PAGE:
If you’re like me, your leadership might seem to get bogged down sometimes. It can appear stuck in the myriad of things to do.
You’re busy and working hard. A couple of weeks, even a month can go by, and nothing seems to have moved forward.
This experience is common because leadership in the local church is an intricate, layered and long-term oriented process.
As a result, it’s easy to lose sight of several basic leadership practices that end up under-utilized or even buried under the pile of stuff to do, burdens to carry, and problems to solve.
The internal consequence is frustration, which nearly always reduces your effectiveness. Frustration sucks the energy and creativity out of you.
You might become consumed with why some things don’t work, rather than focusing on a little progress every day. In fact, it might seriously hijack your ability to solve problems and move forward. (And the truth is, lots of things are working well, but you lose perspective.)
You can miss these simple and basic practices, the very things that help you break loose and get unstuck.
Don’t let the following five practices get buried in frustration, or even just stuck in the normal and large list of stuff to do.
Which ones if used today would help you move forward and give your leadership the boost it needs?
5 Under-Utilized Practices:
1) Get the right people in the room
I invest a good amount of effort to get the right people in a room together, at the right time, for the right reasons. I never cease to be amazed at the power of a wisely and intentionally convened group in contrast to a “regular” meeting.
It’s easy to waste time by meeting with five or six people, one to one, multiple times! Get them all in a room at the same time. Meet for a purpose and get the job done. It’s much faster and so much more productive.
Regular meetings as a foundation are essential, but you can significantly increase the outcomes by adding or deleting the right people and working hard to set a very specific agenda.
Avoid at all costs having a regular meeting where you go around the table, and each person gives a general update.
2) Pick up the phone
The potential impact of a 10-minute phone call to start something in motion is staggering.
It’s easy to make the call too complicated because you want to cover all the bases in the first call. So you put the call off. I’ve done that many times. I’ve waited because I think I need an hour for the call, or I need to do two hours of homework first. Just get it started.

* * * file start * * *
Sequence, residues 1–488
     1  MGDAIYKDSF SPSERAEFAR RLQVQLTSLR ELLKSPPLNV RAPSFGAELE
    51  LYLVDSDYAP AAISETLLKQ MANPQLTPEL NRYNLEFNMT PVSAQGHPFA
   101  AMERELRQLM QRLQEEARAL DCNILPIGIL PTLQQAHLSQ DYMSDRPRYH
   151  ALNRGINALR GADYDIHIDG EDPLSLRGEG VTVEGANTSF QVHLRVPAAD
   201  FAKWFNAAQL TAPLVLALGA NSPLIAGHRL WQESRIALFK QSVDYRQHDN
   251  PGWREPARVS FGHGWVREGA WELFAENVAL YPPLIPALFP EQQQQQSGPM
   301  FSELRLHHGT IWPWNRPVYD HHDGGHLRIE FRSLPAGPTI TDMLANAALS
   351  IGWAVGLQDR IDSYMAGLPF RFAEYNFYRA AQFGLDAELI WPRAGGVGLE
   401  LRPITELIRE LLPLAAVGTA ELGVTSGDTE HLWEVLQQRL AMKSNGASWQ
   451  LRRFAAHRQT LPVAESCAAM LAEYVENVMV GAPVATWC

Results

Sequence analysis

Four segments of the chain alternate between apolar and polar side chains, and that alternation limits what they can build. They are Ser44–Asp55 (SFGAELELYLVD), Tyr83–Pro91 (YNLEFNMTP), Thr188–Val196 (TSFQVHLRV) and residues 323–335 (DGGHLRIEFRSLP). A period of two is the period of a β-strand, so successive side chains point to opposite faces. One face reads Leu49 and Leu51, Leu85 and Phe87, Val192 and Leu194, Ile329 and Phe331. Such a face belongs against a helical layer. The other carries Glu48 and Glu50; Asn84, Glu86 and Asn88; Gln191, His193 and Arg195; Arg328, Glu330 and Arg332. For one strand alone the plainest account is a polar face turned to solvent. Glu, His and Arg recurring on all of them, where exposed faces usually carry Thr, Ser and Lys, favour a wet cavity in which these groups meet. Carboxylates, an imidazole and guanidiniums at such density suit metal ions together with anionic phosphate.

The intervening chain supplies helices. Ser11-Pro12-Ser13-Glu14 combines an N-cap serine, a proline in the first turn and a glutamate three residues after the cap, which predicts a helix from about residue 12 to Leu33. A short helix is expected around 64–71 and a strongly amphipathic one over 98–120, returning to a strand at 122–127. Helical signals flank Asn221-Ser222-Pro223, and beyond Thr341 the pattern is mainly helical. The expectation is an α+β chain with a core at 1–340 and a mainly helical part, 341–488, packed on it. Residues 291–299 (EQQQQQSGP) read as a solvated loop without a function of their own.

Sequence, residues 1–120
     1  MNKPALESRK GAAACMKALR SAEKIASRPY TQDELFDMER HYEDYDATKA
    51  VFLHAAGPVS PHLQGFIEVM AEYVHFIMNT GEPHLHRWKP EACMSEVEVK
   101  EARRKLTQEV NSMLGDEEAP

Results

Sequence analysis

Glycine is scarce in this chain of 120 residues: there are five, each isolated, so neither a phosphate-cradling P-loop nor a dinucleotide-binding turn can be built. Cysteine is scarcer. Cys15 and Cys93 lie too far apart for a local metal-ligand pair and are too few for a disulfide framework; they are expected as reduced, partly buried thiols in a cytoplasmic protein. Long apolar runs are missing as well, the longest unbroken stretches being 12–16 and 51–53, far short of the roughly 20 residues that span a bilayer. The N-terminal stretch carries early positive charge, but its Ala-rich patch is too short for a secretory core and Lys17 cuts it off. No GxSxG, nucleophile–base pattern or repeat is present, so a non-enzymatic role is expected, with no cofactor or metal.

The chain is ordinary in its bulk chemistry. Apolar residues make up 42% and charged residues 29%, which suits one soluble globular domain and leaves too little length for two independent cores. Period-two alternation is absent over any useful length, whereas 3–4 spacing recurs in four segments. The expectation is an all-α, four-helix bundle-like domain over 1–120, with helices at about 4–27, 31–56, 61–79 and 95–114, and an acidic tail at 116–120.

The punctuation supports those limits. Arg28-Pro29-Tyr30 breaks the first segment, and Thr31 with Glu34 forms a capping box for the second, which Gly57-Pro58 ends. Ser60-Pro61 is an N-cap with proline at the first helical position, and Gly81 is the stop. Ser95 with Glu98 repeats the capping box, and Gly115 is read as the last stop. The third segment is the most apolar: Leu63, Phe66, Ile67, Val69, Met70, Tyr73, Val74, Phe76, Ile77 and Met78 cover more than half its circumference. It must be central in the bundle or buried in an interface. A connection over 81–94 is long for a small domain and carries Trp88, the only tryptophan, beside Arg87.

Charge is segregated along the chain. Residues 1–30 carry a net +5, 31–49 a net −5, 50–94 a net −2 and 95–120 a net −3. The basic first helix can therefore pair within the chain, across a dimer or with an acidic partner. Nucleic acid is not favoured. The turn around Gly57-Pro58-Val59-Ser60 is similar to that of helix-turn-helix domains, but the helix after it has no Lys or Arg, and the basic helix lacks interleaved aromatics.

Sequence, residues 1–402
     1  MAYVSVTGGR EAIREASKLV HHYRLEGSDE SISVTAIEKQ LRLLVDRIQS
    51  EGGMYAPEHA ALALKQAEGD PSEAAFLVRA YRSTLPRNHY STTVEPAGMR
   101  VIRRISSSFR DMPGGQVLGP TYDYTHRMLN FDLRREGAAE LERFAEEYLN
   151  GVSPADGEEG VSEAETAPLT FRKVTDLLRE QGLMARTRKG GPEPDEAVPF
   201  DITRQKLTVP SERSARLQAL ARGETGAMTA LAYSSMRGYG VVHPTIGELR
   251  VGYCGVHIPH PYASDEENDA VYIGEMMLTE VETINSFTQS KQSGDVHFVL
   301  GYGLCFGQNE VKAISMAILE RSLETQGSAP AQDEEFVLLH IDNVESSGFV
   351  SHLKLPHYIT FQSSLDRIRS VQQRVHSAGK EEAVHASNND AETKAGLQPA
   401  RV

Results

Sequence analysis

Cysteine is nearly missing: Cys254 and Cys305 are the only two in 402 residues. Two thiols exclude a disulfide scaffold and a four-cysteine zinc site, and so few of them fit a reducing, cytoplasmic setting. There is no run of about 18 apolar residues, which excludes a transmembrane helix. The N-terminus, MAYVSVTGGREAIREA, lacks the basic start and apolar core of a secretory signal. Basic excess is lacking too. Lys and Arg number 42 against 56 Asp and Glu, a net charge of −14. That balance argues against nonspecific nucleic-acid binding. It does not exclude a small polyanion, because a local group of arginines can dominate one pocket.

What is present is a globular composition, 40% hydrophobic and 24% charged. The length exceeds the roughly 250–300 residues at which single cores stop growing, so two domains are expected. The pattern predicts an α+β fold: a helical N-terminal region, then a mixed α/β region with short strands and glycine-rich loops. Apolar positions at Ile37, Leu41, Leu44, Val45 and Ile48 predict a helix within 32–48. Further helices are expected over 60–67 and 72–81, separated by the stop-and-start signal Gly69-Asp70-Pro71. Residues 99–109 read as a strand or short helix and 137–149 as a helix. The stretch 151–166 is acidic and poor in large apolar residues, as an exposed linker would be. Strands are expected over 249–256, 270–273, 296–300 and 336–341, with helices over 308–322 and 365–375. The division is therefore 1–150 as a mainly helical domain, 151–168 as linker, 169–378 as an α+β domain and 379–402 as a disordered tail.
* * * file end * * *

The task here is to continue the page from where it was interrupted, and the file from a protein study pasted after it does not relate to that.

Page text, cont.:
Maybe you want to ask someone if they are interested in a job, or starting a new ministry, or engaging in a partnership. Pick up the phone. A yes response indicating interest then generates the momentum that makes real progress.
3) Make a decision
It’s true that some big decisions require significant time to pray, process, and percolate. But from years of experience, I’ve learned that most decisions can be made relatively quickly.
Most of your everyday decisions can be made in 24-48 hours or less. One to two days gives you time to pray, think, make a couple of calls, check the budget, etc.
And as your experience increases, some decisions require no more than a few minutes.
And, there are many decisions you don’t need to make. Ask a few right questions and empower someone else to decide.
Again, if someone else needs to make the decision, get the decision moved to that person today.
4) Have the tough conversation
Hopefully, tough conversations are not required as a daily part of your leadership. If that’s the case, something more significant than one conversation needs your attention.
Don’t put it off, have the discussion today.
In my experience, most leaders know what to do, they just don’t want to do it. They know what to say, but fear of the conversation and what “might” happen shuts the process down.
It rarely goes as bad as you think, and even if it is rough or doesn’t go as well as you hoped, you will move forward because you had the conversation.
Here’s my top coaching tip for you. When you have the tough conversation, don’t waste the moment. It’s already awkward, so don’t go three-quarters of the way. Go all the way. Get it all said. Don’t beat around the bush. That makes it worse, and you must do it again!
5) Take a moment to pray.
I’ve saved the best for last. In dozens of personal conversations, leaders have opened up to me about their prayer life and overall prayer practices.
Even among the most positive stories where the leader has a robust and consistent prayer life, once they hit the “office” and are running for the day, the opportunity to stop and pray often gets lost.
There simply is no greater power to help you get unstuck in the moment than prayer.
Not every prayer is about a big huge deal. But if it’s about God’s purpose in your church, it’s not too small! As long as it comes from your heart, the Holy Spirit takes it from there. He adds the power not you.
Devise a reminder for yourself. Maybe wear a wristband. Or you can set your phone to chime every couple hours or so, to represent a reminder question. . . “What’s the prayer need right now?”
You can come up with a technique that works for you, but don’t miss out on this great leadership practice.